If the Colosseum is a monument known throughout the world, it remains nonetheless that it is quite simple in its design and its use has not reported much change throughout antiquity. The rest of its history has seen some original uses, such as dwellings, but broadly speaking it has not seen any major changes as it has, for example, for the Forbidden City of Beijing. It does not prevent that it is not so easy that it summarizes the Colosseum.
The Colosseum is a large amphitheater dating from the Roman Empire, built in the first century in the center of the city of Rome. In antiquity, it had a capacity between 40,000 and 70,000 spectators, with 80 ranks of siege. Those who were near the arena were the Emperor and the Senators, and on their way up were the lower strata of the society of the day. Gladiator fights and wild animal hunting were the most popular shows.
The construction of the Colosseum began during the reign of Emperor Vespasian, between 70 and 72 AD. The identity of the architect of the building is unknown, as was generally the case for most Roman works. Over the years, the names of Rabirio, Severo, Gaudencio or even Apollodorus of Damascus were mentioned, although it is known that this one did not arrive at Rome until the year 105.
The Roman Colosseum was probably the greatest work of Roman architecture, using the most varied construction techniques. The pilasters and arches are travertine joints without mortar. In the lower parts and in the basements, the tuff was used in the same way. Many of these stones were held together with metal staples. The vaults that support the cavea were mortared on wooden formwork, an important innovation that greatly eased the construction procedures.
The facade is articulated in four levels whose heights do not correspond to the interior floors. The lower three levels are formed by 80 arches mounted on pilasters, and with half-columns supporting a purely decorative entablature. The room is formed by a blind wall, with pilasters attached to each other and windows on one of the two spans. The decorations on each floor are successively Tuscan, Ionic and Corinthian. The top floor has an indefinite style that has been cataloged from the 16th century. It was common at that time to layer different styles on successive floors, but it was not usual to build buildings with four overlapping levels. The communications between each floor were made by stairs and concentric galleries.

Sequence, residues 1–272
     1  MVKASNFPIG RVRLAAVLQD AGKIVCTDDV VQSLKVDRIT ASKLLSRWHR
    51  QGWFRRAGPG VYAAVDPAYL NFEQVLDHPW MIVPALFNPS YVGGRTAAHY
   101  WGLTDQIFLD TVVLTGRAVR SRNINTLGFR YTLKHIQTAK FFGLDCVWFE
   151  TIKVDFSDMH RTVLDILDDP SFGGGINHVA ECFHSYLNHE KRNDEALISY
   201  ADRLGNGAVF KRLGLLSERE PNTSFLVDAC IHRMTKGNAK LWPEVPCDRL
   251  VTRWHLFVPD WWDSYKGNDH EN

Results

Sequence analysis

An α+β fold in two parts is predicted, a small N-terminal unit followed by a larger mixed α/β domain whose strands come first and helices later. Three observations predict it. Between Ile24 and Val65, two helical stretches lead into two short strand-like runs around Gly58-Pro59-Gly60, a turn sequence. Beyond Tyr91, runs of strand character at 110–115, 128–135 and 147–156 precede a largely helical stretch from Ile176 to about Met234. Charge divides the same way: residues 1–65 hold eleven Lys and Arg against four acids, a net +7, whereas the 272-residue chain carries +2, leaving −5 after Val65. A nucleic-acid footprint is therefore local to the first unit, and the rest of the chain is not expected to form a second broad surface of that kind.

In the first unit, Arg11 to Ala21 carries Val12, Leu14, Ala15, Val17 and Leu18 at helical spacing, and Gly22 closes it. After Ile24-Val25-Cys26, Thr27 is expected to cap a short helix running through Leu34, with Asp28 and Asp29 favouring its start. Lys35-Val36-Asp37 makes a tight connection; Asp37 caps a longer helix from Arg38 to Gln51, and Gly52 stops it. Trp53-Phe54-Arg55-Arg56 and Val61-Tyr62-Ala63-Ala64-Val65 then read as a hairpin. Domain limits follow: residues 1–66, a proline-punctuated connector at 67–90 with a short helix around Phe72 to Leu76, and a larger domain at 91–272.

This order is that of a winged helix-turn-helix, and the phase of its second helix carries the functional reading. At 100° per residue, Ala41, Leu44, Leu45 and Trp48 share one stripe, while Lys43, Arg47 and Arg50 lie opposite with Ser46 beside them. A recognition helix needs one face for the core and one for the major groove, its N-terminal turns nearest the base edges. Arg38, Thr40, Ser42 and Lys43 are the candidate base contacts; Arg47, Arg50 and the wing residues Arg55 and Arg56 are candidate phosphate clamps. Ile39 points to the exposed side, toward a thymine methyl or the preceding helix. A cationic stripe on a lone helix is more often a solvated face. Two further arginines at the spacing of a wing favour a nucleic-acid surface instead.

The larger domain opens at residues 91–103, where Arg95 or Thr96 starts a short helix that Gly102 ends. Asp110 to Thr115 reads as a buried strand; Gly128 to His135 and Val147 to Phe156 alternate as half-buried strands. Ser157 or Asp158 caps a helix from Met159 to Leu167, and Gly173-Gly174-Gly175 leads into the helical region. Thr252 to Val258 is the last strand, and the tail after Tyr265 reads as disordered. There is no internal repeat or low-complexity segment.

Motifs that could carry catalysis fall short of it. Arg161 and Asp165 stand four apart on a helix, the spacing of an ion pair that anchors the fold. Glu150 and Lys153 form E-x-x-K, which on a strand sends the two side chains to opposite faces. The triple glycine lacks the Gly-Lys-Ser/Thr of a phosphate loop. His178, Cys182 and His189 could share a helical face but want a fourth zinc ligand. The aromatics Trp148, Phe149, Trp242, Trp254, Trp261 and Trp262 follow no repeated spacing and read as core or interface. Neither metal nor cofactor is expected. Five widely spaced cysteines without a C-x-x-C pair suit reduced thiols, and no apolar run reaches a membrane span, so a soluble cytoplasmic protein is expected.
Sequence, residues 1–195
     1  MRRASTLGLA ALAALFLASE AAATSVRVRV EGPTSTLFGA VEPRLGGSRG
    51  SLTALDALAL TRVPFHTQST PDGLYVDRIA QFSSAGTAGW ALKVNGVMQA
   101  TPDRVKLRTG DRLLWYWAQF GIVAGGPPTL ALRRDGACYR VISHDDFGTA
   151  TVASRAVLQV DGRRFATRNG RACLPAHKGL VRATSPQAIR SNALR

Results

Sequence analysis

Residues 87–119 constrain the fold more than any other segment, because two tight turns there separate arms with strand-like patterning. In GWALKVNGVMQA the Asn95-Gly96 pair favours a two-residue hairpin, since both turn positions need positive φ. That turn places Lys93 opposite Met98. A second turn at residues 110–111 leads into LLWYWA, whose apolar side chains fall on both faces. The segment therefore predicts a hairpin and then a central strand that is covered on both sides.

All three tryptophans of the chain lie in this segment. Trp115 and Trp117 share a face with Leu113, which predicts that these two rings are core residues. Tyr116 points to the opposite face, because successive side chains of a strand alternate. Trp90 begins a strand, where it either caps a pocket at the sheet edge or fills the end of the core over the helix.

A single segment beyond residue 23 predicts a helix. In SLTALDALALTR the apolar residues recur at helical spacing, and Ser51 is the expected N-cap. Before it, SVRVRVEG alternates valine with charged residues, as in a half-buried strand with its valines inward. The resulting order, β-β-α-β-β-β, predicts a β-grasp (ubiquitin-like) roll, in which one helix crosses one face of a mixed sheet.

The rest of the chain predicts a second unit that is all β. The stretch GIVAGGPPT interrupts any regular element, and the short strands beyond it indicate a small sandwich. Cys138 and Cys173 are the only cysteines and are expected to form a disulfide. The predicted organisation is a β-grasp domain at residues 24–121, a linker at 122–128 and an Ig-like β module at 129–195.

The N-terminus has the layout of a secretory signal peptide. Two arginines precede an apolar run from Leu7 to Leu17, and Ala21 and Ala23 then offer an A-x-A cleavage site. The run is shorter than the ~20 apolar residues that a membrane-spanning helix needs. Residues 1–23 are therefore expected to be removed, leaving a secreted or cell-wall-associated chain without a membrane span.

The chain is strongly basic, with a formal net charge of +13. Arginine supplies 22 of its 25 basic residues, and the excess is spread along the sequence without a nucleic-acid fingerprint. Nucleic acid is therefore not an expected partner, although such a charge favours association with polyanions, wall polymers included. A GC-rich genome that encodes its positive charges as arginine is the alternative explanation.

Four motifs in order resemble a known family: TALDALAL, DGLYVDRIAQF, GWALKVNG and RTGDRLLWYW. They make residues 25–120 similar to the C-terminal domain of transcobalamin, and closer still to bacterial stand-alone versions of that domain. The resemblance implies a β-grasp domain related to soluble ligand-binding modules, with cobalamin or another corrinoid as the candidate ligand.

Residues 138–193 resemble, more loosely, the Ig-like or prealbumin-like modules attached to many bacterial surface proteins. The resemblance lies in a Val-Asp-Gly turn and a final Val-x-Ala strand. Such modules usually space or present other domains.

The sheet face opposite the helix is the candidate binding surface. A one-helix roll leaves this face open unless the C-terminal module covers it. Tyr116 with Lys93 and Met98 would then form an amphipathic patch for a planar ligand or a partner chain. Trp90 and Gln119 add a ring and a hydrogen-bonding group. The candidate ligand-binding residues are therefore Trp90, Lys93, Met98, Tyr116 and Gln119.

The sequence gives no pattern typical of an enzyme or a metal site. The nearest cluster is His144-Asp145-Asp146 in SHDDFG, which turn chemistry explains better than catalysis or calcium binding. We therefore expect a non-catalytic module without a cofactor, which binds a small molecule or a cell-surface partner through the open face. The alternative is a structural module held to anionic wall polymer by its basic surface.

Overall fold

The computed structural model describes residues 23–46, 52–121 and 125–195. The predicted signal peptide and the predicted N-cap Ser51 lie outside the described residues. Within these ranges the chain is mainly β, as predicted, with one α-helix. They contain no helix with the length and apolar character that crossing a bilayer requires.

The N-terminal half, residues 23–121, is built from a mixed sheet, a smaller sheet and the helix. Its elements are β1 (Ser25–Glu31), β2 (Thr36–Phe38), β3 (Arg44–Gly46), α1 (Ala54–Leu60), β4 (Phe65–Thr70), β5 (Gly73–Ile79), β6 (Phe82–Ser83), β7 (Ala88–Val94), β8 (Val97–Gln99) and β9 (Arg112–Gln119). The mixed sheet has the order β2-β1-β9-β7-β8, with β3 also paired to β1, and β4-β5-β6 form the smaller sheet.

The Colosseum was used for different shows. The main ones were the gladiator fights, but they were far from the only ones. During the day, several events took place, such as wild animal hunts, reconstructions of African lands, the killing of convicts, and even, in rare cases, reconstructions of naval battles. For these shows the means were gigantic, only the emperors could pay them. Because each show was sponsored by citizens, usually wealthy citizens. There was always a strong religious connotation, but also a demonstration of the power and family influence of this citizen.
The Colosseum nowadays
Nowadays the Colosseum is Rome's biggest tourist attraction, thousands of tourists pay to enter and see the arena every year. There is a museum dedicated to the Greek god Eros on the upper floor of the building. Part of the sand floor was rebuilt, so visitors could imagine what the arena was like in the past. One of the current uses of the Colosseum is the procession of Via Crucis, presided over by the Pope, which took place every Good Friday.